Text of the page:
An integrated model of care for inflammatory bowel disease sufferers in Australia: development and the effects of its implementation.

Mikocka-Walus, Antonina, Turnbull, Deborah, Holtmann, Gerald and Andrews, Jane M 2012, An integrated model of care for inflammatory bowel disease sufferers in Australia: development and the effects of its implementation., Inflammatory bowel diseases, vol. 18, no. 8, pp. 1573-1581, doi: 10.1002/ibd.22850.

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Title An integrated model of care for inflammatory bowel disease sufferers in Australia: development and the effects of its implementation.
Author(s) Mikocka-Walus, AntoninaORCID iD for Mikocka-Walus, Antonina
Turnbull, Deborah
Holtmann, Gerald
Andrews, Jane M
Journal name Inflammatory bowel diseases
Volume number 18
Issue number 8
Start page 1573
End page 1581
Total pages 9
Publisher Wiley
Place of publication Hoboken, N. J.
Publication date 2012-08
ISSN 1536-4844
Keyword(s) integrated model of care
inflammatory bowel disease
mental health
health systems
Summary BACKGROUND: Psychological comorbidities are associated with poor outcome and increased healthcare utilization in patients with inflammatory bowel disease (IBD). However, a model of care addressing the biopsychosocial dimension of disease is not routinely applied in IBD. This review describes the development of such a model and the effects of its implementation in a hospital-based cohort of patients with IBD. METHODS: Three different approaches were used: 1) collecting baseline epidemiological data on mental health comorbidities; 2) raising awareness of and targeting mental health problems; 3) examining the effects of the model implementation. RESULTS: High rates of anxiety and depressive symptoms (36% and 13%, respectively) that are maintained over time were identified in IBD patients presenting at a metropolitan teaching hospital. Patients with documented psychological comorbidities were more likely to be hospitalized than those without (odds ratio [OR] = 4.13, 95% confidence interval [CI]: 1.25, 13.61). Improvements in disease activity, anxiety, depression, quality of life, and coping have been noted when cognitive-behavioral therapy (CBT) was provided to patients. A drop in the use of opiates (P = 0.037) and hospitalization rates (from 48% to 30%) in IBD patients has been noted as a result of introduction of the changed model of care. In addition, the mean total cost of inpatient care was lower for IBD patients than controls (US$12,857.48 [US$15,236.79] vs. US$ 30,467.78 [US$ 53,760.20], P = 0.005). CONCLUSION: Our data to date suggest that an integrated model of care for patients with IBD may yield superior long-term outcomes in terms of medication use and hospitalization rates and reduce healthcare costs.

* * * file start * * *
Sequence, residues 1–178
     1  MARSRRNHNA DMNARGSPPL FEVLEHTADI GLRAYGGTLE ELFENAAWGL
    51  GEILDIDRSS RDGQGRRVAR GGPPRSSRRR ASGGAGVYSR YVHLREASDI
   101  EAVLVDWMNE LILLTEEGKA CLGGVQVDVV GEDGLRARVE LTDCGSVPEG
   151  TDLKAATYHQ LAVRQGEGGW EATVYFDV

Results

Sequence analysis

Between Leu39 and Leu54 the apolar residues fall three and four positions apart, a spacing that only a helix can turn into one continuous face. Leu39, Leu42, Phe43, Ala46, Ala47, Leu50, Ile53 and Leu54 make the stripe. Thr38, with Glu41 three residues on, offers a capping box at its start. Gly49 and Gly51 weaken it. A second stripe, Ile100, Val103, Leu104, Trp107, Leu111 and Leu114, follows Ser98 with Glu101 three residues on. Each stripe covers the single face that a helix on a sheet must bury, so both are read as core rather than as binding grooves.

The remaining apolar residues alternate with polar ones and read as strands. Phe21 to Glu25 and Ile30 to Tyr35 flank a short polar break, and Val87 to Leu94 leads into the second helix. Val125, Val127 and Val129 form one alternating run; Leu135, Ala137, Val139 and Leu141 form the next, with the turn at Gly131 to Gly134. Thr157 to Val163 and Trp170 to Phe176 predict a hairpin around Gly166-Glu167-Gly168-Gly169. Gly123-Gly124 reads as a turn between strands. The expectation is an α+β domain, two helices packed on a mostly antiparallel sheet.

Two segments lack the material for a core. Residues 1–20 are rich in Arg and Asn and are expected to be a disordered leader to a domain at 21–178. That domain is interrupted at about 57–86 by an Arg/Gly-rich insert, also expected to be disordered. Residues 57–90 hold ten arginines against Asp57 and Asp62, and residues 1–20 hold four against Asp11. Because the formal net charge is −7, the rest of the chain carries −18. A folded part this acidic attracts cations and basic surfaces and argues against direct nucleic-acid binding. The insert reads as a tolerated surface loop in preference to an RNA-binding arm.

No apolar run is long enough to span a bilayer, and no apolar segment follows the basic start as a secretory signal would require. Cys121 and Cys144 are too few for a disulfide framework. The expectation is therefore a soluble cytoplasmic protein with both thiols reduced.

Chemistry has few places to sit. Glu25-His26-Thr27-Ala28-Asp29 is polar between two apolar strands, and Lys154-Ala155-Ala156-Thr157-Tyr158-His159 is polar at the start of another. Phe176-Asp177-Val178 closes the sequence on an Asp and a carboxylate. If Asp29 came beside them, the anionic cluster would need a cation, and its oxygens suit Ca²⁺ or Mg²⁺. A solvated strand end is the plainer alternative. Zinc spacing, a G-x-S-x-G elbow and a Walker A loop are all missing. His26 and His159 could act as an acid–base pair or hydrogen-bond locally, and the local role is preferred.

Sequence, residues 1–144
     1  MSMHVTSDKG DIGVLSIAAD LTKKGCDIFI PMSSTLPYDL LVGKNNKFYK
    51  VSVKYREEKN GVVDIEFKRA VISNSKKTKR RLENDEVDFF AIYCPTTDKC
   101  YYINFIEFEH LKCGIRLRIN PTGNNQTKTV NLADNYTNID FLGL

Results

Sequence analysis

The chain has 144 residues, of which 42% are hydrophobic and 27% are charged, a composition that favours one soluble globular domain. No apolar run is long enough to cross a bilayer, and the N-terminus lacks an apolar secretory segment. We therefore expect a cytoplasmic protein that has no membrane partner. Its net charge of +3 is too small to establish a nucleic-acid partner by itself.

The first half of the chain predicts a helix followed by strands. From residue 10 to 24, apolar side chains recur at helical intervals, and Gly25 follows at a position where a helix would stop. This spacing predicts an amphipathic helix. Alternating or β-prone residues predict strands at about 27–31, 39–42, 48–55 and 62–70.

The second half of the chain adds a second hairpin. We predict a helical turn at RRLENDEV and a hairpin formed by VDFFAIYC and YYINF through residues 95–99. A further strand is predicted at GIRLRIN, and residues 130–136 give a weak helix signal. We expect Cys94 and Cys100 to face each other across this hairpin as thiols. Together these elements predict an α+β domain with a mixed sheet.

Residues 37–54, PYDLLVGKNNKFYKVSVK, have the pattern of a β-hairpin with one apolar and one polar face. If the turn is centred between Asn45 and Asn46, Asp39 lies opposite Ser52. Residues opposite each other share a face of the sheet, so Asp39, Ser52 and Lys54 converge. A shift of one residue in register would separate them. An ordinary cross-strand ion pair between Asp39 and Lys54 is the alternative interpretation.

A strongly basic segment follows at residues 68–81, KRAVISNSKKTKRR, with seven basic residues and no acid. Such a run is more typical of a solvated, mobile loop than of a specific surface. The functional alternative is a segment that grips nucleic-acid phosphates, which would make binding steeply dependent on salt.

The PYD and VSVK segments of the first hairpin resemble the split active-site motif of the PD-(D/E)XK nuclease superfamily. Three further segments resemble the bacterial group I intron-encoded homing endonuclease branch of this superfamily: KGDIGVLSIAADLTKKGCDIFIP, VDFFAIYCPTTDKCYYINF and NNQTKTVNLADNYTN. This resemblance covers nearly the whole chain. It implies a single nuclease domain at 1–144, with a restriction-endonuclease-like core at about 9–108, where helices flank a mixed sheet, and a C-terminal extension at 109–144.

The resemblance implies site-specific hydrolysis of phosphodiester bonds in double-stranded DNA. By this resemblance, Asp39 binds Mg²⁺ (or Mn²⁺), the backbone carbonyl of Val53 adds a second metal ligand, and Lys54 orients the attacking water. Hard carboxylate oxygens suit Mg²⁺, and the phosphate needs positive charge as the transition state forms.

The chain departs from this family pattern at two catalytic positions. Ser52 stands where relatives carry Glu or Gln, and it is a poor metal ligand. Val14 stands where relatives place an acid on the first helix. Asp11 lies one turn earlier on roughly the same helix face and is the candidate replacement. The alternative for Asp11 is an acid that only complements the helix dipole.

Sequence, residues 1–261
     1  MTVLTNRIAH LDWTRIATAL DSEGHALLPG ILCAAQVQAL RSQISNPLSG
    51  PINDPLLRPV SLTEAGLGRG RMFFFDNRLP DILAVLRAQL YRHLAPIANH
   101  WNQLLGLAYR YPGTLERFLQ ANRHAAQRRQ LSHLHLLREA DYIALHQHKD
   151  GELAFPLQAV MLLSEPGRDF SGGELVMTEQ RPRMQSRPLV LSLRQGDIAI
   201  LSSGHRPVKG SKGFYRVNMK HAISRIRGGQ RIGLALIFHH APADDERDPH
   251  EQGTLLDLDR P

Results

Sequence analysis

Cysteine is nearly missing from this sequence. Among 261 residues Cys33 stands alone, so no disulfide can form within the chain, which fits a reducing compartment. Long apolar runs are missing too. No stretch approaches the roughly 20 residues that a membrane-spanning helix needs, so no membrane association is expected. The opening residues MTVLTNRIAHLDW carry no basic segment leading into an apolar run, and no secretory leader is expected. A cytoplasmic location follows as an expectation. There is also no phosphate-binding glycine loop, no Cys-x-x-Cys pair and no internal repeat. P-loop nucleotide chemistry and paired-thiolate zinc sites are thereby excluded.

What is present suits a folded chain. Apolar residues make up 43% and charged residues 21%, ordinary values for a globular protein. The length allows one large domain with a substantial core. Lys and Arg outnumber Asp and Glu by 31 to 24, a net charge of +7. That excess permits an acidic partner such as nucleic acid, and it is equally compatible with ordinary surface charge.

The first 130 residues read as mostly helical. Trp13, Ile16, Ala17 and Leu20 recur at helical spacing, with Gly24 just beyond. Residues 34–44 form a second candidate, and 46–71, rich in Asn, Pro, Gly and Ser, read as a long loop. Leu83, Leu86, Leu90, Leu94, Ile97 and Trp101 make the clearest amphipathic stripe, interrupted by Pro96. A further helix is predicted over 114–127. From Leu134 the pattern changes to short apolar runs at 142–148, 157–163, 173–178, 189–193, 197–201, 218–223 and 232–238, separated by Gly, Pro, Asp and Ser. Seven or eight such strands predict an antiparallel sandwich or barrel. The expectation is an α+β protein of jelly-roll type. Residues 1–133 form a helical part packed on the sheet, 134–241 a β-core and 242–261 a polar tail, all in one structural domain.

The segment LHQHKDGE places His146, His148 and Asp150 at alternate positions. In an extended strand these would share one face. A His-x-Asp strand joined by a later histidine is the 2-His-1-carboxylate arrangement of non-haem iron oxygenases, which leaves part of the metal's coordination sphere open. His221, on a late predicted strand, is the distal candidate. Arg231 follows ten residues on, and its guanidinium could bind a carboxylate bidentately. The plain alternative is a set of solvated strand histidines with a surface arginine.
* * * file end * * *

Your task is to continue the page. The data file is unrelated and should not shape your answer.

Language eng
DOI 10.1002/ibd.22850
Field of Research 110307 Gastroenterology and Hepatology
111708 Health and Community Services
111709 Health Care Administration
110399 Clinical Sciences not elsewhere classified
Socio Economic Objective 920105 Digestive System Disorders
HERDC Research category C1.1 Refereed article in a scholarly journal
ERA Research output type C Journal article
Copyright notice ©2011, Crohn’s & Colitis Foundation of America, Inc.
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Document type: Journal Article
Collections: Faculty of Health
School of Psychology
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